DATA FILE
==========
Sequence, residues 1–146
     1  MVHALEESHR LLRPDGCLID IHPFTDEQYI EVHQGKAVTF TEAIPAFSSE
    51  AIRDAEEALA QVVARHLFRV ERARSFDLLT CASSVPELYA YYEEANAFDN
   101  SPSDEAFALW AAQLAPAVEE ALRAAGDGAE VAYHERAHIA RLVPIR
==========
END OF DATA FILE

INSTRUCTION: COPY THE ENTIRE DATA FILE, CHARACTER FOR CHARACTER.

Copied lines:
Sequence, residues 1–146
     1  MVHALEESHR LLRPDGCLID IHPFTDEQYI EVHQGKAVTF TEAIPAFSSE
    51  AIRDAEEALA QVVARHLFRV ERARSFDLLT CASSVPELYA YYEEANAFDN
   101  SPSDEAFALW AAQLAPAVEE ALRAAGDGAE VAYHERAHIA RLVPIR